So is Minessota not really much of a "rust-belt" Great-Lakes state with a heavy labor presence that Gephardt could take advantage of?
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« Reply #6 on: December 01, 2003, 07:16:34 pm »
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You're right that Minnesota has been gradually trending to the right.  The trends most noticeable are the  following:  Older voters are the most heavily Democratic (Humphrey and Mondale people) and are reaching the end of their lives; the Iron Range in Northeast MN is heavily Democrat but casts a much smaller percentage of the statewide vote than 20 years ago; the Minneapolis suburbs are spreading out far from the city center and are heavily Republican; and rural areas, once fairly receptive to Democrats, are becoming more conservative.
The other factor is that the state's Democrat party (called Democrat Farmer Labor) is pretty much controlled by urban liberals and are increasingly out of step with the rest of the state.  IMO Bush has a very good chance of carrying the state in 2004.  He needs to blunt the Democrat trend in the older suburbs though. (As a side note, a poll 3 weeks before the 2000 election showed Bush with a 1 pt. lead.  This forced Gore to spend funds here to hold the state, which cost him resources elsewhere)

So is Minessota not really much of a "rust-belt" Great-Lakes state with a heavy labor presence that Gephardt could take advantage of?

no. those states are illinois, ohio, my homestate michigan is heavy labor.  My dad is a long time member of the teamsters.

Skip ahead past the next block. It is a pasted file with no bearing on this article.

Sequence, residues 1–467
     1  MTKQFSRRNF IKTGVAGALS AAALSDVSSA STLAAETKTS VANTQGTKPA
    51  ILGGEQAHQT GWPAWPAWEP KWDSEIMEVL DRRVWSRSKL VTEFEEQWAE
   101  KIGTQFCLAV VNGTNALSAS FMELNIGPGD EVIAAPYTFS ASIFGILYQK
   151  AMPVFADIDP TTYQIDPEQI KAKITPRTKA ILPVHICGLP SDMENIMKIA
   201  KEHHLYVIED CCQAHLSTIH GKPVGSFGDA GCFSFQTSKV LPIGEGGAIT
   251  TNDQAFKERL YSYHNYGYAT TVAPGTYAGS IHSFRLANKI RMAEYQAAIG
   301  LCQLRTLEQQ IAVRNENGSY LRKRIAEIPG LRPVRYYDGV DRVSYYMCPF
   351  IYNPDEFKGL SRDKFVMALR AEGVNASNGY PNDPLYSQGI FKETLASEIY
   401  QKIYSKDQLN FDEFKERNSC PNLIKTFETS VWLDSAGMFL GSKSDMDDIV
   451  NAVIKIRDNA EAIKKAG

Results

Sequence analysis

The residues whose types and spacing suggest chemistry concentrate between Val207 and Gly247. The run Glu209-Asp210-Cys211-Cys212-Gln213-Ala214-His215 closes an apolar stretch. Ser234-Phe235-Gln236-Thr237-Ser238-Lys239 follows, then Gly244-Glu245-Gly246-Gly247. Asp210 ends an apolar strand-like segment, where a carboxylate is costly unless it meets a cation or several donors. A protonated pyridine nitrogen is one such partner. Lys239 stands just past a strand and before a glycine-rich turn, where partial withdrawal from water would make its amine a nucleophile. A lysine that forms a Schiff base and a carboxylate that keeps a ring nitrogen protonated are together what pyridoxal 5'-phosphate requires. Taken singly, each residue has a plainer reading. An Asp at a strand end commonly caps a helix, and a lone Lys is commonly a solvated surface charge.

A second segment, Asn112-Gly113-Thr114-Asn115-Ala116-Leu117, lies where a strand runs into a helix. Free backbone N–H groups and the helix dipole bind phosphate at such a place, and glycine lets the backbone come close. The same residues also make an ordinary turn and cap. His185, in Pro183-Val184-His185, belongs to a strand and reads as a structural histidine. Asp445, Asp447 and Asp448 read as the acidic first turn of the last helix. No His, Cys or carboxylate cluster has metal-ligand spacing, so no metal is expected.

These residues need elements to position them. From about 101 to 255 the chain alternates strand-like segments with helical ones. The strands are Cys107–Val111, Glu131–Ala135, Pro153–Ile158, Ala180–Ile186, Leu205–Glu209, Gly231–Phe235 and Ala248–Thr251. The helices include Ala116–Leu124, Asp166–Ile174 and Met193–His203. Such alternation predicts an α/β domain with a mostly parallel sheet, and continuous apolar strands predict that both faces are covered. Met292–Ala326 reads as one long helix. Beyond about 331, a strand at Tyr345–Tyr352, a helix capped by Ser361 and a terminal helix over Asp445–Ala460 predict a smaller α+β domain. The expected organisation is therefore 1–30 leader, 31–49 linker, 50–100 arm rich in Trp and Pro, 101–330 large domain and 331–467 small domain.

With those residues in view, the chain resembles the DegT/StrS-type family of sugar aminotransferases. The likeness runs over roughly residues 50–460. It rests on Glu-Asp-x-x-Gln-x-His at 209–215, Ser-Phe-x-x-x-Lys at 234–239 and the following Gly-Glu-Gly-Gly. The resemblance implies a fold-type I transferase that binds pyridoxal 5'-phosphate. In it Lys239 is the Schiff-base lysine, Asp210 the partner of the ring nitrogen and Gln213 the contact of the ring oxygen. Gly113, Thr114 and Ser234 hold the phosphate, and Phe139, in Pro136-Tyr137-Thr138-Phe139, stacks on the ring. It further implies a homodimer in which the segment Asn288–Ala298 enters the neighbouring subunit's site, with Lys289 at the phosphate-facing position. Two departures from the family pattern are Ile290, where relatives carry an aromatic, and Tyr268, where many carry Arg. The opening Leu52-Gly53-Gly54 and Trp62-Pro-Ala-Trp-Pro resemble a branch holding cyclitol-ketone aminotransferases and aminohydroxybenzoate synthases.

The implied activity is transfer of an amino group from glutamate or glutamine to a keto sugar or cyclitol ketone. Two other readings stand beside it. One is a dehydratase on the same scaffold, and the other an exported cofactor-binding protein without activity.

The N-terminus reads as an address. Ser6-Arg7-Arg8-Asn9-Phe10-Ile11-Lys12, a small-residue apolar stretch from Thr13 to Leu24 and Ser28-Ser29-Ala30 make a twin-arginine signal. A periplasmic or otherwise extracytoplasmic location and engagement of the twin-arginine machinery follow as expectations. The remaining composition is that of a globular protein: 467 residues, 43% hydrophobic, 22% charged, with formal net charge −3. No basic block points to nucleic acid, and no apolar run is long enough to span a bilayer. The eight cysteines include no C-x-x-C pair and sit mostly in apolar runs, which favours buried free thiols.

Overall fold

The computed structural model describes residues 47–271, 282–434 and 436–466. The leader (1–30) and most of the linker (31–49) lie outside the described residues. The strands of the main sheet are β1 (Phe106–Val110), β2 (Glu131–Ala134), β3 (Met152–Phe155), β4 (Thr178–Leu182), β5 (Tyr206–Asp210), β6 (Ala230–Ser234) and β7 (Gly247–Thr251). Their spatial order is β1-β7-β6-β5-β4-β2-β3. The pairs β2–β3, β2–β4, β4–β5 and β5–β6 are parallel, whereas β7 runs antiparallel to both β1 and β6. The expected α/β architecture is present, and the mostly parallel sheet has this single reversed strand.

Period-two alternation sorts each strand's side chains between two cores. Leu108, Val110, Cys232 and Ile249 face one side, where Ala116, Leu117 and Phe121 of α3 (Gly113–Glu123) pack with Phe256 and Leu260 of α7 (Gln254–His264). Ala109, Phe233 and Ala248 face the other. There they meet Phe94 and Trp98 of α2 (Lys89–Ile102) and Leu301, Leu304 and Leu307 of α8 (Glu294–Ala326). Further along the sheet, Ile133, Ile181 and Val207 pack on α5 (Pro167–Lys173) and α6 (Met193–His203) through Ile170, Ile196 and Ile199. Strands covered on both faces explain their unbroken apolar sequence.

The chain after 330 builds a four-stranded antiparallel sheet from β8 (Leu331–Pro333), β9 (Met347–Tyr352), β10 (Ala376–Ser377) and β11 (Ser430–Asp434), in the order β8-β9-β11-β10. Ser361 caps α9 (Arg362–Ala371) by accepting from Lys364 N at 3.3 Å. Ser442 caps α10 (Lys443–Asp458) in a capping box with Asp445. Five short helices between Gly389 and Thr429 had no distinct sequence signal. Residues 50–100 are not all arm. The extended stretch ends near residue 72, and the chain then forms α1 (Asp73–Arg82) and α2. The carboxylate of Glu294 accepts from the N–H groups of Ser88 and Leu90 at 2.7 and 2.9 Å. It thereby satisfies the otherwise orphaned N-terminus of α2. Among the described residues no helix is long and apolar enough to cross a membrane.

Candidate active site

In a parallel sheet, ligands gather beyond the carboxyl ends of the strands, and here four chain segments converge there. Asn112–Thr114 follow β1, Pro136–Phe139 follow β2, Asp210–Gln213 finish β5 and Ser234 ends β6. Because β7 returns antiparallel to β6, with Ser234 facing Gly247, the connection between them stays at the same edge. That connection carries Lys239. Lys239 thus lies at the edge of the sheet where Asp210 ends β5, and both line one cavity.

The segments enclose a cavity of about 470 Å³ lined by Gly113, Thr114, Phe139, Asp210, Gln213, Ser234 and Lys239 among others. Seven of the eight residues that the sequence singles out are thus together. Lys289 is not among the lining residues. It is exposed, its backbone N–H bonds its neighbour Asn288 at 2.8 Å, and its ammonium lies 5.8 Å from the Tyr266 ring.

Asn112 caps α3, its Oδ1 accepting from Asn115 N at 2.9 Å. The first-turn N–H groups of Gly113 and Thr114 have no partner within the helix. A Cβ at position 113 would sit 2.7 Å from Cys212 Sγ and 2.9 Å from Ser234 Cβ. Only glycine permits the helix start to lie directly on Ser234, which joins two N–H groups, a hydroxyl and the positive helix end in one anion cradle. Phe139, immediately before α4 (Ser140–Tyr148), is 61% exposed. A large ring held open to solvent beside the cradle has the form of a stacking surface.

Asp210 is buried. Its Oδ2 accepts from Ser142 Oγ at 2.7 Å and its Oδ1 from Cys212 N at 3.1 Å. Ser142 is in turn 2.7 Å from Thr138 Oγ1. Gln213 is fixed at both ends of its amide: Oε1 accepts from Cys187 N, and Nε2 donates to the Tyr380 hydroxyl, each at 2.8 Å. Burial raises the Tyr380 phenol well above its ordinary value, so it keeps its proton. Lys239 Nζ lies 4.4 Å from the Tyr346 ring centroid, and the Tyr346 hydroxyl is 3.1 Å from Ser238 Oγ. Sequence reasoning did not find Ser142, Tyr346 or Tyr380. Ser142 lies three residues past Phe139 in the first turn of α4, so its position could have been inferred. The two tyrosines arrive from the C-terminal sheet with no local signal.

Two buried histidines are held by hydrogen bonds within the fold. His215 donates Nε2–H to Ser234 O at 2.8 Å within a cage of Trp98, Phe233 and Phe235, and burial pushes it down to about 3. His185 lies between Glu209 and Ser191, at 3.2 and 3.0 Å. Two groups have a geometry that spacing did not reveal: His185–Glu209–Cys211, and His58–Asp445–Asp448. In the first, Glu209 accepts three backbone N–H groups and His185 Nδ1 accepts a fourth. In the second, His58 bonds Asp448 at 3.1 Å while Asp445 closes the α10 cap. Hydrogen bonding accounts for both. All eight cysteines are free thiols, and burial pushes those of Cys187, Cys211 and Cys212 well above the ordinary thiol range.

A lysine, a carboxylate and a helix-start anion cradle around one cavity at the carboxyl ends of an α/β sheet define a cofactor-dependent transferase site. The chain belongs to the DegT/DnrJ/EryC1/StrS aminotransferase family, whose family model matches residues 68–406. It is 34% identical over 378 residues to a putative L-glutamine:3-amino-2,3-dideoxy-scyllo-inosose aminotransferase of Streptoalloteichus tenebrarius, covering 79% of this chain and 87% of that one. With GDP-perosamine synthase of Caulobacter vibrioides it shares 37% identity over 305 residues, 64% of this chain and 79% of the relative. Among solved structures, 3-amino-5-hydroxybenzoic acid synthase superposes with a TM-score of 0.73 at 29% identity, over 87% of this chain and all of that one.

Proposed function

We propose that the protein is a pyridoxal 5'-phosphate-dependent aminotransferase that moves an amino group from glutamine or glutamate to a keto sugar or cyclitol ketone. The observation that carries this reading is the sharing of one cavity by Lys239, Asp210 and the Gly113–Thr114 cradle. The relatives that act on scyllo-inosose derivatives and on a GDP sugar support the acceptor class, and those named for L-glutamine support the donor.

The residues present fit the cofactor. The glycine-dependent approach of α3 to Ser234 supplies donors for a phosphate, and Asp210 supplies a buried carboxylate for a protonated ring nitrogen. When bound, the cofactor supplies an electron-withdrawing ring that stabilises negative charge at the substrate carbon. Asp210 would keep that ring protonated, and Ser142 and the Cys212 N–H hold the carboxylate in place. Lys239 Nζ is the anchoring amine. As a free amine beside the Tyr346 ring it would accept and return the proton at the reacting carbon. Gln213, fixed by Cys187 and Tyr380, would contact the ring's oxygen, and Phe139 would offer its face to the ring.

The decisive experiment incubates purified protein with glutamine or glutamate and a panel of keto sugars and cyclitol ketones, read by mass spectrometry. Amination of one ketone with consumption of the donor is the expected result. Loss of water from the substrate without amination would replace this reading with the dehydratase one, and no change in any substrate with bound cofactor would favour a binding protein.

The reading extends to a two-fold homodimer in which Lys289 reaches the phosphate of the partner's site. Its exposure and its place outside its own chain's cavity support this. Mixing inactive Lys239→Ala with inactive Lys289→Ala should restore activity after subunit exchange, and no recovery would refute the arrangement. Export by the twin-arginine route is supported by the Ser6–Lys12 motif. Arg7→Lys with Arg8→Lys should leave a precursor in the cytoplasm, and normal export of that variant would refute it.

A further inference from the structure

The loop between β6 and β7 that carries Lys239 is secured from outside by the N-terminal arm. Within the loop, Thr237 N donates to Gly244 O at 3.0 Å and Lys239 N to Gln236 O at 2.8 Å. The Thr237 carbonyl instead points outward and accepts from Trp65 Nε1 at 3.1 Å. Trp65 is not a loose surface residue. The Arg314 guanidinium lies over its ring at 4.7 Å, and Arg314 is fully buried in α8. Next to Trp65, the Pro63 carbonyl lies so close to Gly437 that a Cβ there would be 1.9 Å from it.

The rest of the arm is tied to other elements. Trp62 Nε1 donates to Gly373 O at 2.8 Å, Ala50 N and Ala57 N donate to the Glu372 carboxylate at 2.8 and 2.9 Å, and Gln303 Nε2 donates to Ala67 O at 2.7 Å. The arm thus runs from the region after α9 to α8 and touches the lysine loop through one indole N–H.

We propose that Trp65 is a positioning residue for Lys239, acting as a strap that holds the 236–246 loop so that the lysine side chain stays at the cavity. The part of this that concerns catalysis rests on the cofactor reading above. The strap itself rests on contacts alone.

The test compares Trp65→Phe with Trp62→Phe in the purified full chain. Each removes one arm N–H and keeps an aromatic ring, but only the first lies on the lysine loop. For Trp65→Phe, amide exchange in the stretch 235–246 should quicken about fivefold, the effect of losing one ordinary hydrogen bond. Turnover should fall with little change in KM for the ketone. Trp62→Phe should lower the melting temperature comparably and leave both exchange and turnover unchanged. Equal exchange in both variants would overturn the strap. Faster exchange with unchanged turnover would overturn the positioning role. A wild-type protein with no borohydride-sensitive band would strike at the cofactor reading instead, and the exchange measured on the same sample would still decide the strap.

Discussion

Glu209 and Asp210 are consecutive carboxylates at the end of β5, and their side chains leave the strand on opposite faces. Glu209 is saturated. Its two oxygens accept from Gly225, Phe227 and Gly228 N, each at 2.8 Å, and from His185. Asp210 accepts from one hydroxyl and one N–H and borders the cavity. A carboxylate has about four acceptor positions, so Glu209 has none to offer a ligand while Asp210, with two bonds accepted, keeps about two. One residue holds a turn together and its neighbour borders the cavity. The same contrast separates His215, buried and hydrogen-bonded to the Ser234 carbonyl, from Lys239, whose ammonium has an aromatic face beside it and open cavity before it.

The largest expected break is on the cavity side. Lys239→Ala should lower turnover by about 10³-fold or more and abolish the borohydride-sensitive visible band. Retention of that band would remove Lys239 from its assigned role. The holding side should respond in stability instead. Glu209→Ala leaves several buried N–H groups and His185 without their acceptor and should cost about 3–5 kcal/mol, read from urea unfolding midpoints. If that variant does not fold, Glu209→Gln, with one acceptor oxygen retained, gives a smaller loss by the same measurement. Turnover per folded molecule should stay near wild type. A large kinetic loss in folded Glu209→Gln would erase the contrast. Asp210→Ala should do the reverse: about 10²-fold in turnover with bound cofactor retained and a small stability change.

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« Reply #7 on: December 01, 2003, 07:45:35 pm »
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The GOP ain't gonna win Minnesota. That's pretty much a foregone conclusion.
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« Reply #8 on: December 01, 2003, 07:47:35 pm »
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The GOP ain't gonna win Minnesota. That's pretty much a foregone conclusion.
are you sure
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« Reply #9 on: December 01, 2003, 07:54:54 pm »
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So is Minessota not really much of a "rust-belt" Great-Lakes state with a heavy labor presence that Gephardt could take advantage of?
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Not really.  There's not a lot of heavy industry outside of the Duluth/Iron Range area unless you count Northwest Airlines.  But there are a lot of service-sector unions.  The biggest 3 employers in MN are the State Gov't, the Federal Gov't, and state college and universities system.  Almost all of these voters are very politically active and vote Democrat.
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« Reply #10 on: December 01, 2003, 08:00:30 pm »
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i,d love minnasota to go dem. but i think it will go republican
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« Reply #11 on: December 01, 2003, 08:03:08 pm »
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are you sure

If we're in this much danger of the GOP winning Minnesota, then America might as well just call it quits.
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« Reply #12 on: December 01, 2003, 08:31:08 pm »
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Minnesota is one of the true battlegrounds in 2004.  I think that the race is 50-50 there now, I not ready to commit to either side.
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« Reply #13 on: December 01, 2003, 09:05:27 pm »